A bill barring Texas cities and counties from passing “sanctuary” laws that stop local law enforcement officers from questioning the immigration status of anyone they detain was signed Sunday by Texas Governor Greg Abbott. He signed the bill on Facebook with no prior public notice, claiming that it would keep Texas residents safe.
Democratic lawmakers were unprepared by the timing of the signing. Abbott signed the bill on Facebook livestream because it’s where he felt most people get their news in this day-and-age.
There have been many protests over the bill. Last week, a Democratic state representative went on a hunger strike for three days, and over 20 people were charged with criminal trespassing for sitting outside of a state building all day where a few of Abbott’s staff works.
In order to confirm local jails honor requests from federal officials to keep dangerous offenders in jail, Republicans state that this bill is needed.
Bill Permits Police to Ask About the Immigration Status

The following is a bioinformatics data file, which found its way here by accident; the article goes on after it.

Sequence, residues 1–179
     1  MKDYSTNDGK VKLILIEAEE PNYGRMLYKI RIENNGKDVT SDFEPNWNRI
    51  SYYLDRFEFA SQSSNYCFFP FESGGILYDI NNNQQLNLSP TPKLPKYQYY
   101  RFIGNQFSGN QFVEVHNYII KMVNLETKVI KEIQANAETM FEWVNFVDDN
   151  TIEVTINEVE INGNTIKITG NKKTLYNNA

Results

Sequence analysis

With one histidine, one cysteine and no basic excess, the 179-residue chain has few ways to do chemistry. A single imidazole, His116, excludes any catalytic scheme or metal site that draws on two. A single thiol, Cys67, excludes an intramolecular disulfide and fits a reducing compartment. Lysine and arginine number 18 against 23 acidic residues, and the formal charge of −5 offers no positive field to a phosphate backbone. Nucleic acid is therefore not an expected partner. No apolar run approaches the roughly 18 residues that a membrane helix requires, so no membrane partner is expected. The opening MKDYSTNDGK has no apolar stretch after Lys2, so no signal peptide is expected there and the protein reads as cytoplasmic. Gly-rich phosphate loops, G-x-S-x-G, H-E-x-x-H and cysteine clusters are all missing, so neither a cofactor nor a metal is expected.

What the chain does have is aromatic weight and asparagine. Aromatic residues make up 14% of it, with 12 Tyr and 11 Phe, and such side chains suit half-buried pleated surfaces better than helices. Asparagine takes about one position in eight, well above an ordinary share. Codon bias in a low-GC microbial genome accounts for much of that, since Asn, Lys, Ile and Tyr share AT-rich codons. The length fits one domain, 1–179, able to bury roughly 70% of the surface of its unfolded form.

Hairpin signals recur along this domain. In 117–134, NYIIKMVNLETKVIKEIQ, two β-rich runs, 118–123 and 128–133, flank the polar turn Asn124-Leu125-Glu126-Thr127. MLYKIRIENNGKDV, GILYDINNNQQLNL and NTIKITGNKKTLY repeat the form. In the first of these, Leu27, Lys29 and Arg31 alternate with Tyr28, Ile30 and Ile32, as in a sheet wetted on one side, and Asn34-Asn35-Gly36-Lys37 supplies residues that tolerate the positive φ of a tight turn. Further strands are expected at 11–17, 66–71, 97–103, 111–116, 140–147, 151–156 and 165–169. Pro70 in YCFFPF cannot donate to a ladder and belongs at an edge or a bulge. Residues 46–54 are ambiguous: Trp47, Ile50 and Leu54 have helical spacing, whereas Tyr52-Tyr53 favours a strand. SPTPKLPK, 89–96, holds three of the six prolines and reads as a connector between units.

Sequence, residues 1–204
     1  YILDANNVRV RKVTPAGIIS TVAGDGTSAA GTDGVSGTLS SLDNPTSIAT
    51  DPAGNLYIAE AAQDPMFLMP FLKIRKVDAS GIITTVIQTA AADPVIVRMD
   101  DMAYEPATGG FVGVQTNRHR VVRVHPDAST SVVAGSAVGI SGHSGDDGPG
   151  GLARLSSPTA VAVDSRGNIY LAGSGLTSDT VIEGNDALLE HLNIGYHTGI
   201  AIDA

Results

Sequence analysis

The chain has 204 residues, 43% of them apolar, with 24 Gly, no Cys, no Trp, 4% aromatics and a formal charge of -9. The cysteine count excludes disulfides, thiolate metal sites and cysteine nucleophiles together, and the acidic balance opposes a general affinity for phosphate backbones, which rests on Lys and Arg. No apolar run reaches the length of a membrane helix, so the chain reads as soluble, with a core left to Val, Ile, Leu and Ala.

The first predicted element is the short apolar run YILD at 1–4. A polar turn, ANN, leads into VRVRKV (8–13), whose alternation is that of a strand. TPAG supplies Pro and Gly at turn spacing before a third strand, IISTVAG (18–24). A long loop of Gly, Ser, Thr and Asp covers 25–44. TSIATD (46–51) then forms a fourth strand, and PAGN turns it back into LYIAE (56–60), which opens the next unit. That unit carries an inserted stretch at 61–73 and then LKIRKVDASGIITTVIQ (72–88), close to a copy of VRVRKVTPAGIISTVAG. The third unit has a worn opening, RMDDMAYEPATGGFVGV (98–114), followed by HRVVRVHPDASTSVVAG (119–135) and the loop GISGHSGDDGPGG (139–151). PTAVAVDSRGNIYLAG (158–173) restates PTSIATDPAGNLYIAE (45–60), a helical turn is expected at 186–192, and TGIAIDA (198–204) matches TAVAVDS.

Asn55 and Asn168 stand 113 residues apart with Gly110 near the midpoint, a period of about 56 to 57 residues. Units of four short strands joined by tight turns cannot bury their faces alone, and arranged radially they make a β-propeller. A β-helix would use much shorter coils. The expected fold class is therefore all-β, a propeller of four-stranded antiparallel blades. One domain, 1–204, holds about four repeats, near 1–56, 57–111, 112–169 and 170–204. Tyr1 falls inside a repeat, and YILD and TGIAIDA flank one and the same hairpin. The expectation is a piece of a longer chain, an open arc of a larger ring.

This bill permits police to ask about the immigration status of anyone they detain, and required local officials to obey federal requests to hold criminal suspects for potential deportation. The bill also allows for criminal charges against city or county officials who deliberately reject obeying federal authorities’ attempt to deport people in the country illegally who have already been to jail based on offenses that weren’t related to immigration – one of the bill’s most controversial provisions.
All major police chiefs in Texas opposed the bill. Many worry that the state will now be subjected to racial profiling.
The timing of the signing was hurtful for some Democrats after three recent federal court rulings discovered intentional discrimination in Republican-passed voting laws.
No city in Texas has Declared Themselves as Sanctuaries for Immigrants
There is no city in Texas that has formally declared themselves as sanctuaries for immigrants – but Sally Hernandez, the sheriff of Travis County, is trying to change that. She refused to honor federal detainer requests if the suspects weren’t arrested for serious crimes or immigration offenses. She will obey to the state’s ban if it becomes a law.
For more information about this bill, visit the link here.